CAKE

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CAKE celebrates 2O years with the release of showroom of compassion

:: Cake ::
:: Ogden Theater :: June 13-14 ::

By Timothy Dwenger

 

It may seem strange to the uninitiated, but aside from almonds, CAKE is one of Sacramento, California’s most popular exports. No, not chocolate, vanilla, or even red velvet; what we are talking about here is a rock band. A rock band called “CAKE.”

It’s been 20 years since John McRae, Vince DiFiore and a couple of friends started the band and since then, they have been busy carving out their own nitch in the music business with an unflinching work ethic and commitment to themselves and the unique sound they have created.

While their music could be characterized as an upbeat blend of mariachi, jazz, rockabilly and pop, it’s probably simpler to file it under “alternative” since CAKE is an alternative to everything and simply doesn’t sound like anyone else making music today, or even yesterday for that matter.

In addition to McRae’s speak-singing style, and DiFiore’s distinctive trumpet solos, CAKE’s music is almost instantly recognizable due to a sharp buzzing sound that punctuates many of their songs. Given the quirky nature of some of their material, one could almost imagine a conversation with the CAKE frontman going something like this: “What’s that, John?” “Why, it’s a vibraslap of course.” “A vibra-what?” “A vibraslap.” “John, there are kids present, let’s keep it clean.” “It’s not dirty, it’s just a vibraslap …”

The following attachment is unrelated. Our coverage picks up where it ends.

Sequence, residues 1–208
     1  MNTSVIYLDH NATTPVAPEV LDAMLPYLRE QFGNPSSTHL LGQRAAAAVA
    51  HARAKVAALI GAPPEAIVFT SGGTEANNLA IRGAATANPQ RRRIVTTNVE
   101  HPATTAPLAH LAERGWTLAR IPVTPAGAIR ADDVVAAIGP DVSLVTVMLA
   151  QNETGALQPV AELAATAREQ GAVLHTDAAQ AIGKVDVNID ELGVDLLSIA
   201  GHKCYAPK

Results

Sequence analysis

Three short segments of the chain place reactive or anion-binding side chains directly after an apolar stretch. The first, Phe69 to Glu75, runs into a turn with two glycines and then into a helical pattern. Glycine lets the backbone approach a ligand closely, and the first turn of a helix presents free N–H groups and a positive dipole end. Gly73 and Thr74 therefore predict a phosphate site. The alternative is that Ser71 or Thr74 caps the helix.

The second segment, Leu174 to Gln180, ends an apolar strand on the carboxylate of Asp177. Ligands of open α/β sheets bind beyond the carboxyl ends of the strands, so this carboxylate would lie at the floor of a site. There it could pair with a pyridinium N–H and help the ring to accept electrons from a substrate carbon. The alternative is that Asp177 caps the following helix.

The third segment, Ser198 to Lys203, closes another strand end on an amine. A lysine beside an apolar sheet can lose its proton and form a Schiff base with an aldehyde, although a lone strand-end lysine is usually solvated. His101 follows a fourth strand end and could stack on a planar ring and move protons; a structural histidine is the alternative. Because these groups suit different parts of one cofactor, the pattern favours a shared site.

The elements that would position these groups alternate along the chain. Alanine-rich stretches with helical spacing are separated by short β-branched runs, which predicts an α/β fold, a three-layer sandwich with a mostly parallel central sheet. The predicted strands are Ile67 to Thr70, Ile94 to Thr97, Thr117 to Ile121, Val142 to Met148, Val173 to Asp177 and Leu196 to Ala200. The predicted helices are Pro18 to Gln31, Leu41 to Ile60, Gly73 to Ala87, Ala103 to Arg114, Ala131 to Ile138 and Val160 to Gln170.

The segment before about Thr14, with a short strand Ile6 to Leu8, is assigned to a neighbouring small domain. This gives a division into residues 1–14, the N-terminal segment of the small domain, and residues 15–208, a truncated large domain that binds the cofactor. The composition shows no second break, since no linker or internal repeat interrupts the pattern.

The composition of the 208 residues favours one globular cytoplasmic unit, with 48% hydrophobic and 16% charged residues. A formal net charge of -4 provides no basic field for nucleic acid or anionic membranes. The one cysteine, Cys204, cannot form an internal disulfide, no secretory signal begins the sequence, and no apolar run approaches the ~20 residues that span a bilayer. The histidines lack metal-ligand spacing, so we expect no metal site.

Though this kind of conversation could go on seemingly forever in a “Who’s On First”-like cadence, it would probably, eventually, become clear that a vibraslap is, in fact, the very distinct percussion instrument that is featured so prominently in CAKE’s music.

It’s right there at the beginning of their 2001 hit “Short Skirt / Long Jacket,” appears on “Love You Madly,” and of course, rears its unique head again on the band’s newest record Showroom of Compassion. While McRae doesn’t over-use the instrument, it’s become almost synonymous with his band’s music.

Released in January of this year, Showroom of Compassion rocketed straight to the top of the charts; debuting at number 1 on the Billboard Top 200. “It must have been a really slow week for the rest of the album sales,” guitarist Xan McCurdy half-joked in a recent interview with The Marquee, before getting serious about the band’s reaction to the news that they had the #1 record in the country. “It was fantastic, we were really amazed. It just felt wrong, in a good way. It was something we just didn’t expect because there was such a long time between releases of studio albums that we figured we would be totally forgotten and we were pleasantly proven wrong.”

McCurdy explained the seven-year gap between 2004’s Pressure Chief and Showroom by talking about some of the business the band had to attend to in the intervening years. “There were some big tasks at hand,” he said. “One of them was negotiating our release from a contract with a major label, which was amicable and it worked out, but that took a while and had to be done so everyone could be happy. Then we took some time to get our studio up to speed. We put solar panels on the roof and put some gear in there and re-learned our craft a bit.”